Why James Bond has no
secret desires
We’ve found another article that questions the future of Bond since the
scruffy Craig” was chosen.
With all of these radical story and character changes EON has implemented
in Casino Royale it is obvious there will be very little left of Fleming’s
wonderfully sublime novel to enjoy, and almost nothing will remain of the
James Bond we've loved on film or in print
If Bond is over-treated and becomes sensitive like Bryan Singer's
Superman or too cryptic, mysterious, and dark, audiences may
react negatively and long for the Bond they've known in the past
twenty films.

Spero News

Why James Bond has no secret desires
Can a reinterpretation of James Bond save the franchise?

Thursday, October 12, 2006

When blond-haired Daniel Craig replaced Pierce Brosnan as James
Bond, there was hardly a headline writer who couldn't resist
calling him "James Blond".  Purists were appalled.  In Ian
Fleming's novels, Bond is dark-haired. In the first book written by
the author and which the new movie is based, Casino Royale, the
character Vesper Lynd says of Bond, "He reminds me rather of
Hoagy Carmichael, but there is something cold and ruthless."

The cold and ruthless side of Bond is the reason why scruffy Craig
was chosen to interpret the new Bond.  In an interview with
SuperHeroHype, producer Barbara Broccoli said her company is
going back to the origins of the character and the story, which she
says is rougher and more complex. "It's more realistic and it's not
as fantastical as the last couple have been or we've made through
the series. There were times, when the films got very fantastical
like with "Moonraker" and things like that. You change because
you change with the times," Broccoli said.

Since Thunderball was released in 1965, the fourth film, the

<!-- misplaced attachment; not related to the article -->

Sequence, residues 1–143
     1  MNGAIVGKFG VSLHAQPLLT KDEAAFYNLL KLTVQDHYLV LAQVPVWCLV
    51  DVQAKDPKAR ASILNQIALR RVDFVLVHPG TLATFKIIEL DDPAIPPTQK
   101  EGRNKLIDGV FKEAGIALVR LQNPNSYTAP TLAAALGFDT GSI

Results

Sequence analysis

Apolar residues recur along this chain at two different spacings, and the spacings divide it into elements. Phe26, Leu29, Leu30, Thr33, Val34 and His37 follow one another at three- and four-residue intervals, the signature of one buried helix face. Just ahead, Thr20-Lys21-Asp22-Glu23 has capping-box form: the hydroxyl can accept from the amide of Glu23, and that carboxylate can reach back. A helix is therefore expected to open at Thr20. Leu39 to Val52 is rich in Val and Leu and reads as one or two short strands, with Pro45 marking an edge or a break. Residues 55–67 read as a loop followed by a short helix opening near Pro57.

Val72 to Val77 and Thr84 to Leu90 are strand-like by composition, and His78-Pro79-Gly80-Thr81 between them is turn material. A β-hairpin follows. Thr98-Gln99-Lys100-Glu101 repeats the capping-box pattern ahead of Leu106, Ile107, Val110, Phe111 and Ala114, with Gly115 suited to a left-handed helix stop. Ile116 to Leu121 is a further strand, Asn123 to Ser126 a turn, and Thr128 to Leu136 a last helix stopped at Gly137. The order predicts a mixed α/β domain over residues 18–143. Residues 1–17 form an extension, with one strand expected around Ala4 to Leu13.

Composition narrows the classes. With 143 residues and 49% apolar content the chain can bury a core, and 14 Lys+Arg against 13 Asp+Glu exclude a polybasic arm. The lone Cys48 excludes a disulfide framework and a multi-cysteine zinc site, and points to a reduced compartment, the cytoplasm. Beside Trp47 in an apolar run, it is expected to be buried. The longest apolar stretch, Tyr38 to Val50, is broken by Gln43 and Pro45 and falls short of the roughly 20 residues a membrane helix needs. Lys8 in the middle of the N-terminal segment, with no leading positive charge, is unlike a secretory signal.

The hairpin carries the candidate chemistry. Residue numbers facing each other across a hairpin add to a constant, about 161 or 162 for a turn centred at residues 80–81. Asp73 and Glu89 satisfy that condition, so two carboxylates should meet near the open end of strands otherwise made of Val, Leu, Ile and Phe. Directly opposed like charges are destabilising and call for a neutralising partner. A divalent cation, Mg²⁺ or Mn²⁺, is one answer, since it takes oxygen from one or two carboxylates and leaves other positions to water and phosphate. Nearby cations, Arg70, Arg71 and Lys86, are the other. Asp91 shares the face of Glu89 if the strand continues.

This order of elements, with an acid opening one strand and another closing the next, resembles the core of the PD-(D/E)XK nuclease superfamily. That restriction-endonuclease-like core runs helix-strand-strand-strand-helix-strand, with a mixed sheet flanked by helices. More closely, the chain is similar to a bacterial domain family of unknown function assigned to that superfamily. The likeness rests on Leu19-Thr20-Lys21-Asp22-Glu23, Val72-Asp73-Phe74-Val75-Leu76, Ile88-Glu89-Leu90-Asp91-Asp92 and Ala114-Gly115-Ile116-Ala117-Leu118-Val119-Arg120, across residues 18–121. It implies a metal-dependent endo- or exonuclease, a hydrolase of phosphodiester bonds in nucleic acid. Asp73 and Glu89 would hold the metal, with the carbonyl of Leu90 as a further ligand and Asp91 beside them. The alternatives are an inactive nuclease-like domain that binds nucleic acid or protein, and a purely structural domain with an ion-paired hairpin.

franchise has struggled to remain fresh and in-touch in face of
competition of other action films.  Actor George Lazenby played
Bond in only one film, On Her Majesty's Secret Service, because he
refused a seven-film contract believing the character couldn't
survive the changing times and audience attention.

Seventeen films later, the producers continue the struggle to
enthrall audiences while giving them something unique that
they're finding in other movies such as the Bourne films or even
spoofs on the franchise such as Austin Powers.

The Structure of a Bond Film

Bond films, like the original novels, were based on a simple quest.  
Bond's object of desire, what he truly wants, in every film is to
capture the villain to be able to set the world right. He has no
other desires that impact the spine of the story.

Fleming said about his character, "Exotic things would happen to
and around him but he would be a neutral figure — an anonymous
blunt instrument wielded by a Government Department."

Audiences today may want more.  

The trend in action and superhero movies is to explore the
unconscious desire of the hero, seen in recent movies such as
Batman Begins, Superman Returns, and X-Men, which often
creates a darker story with conflicting desires. "At the moment, I
think everybody is feeling very serious about the world and they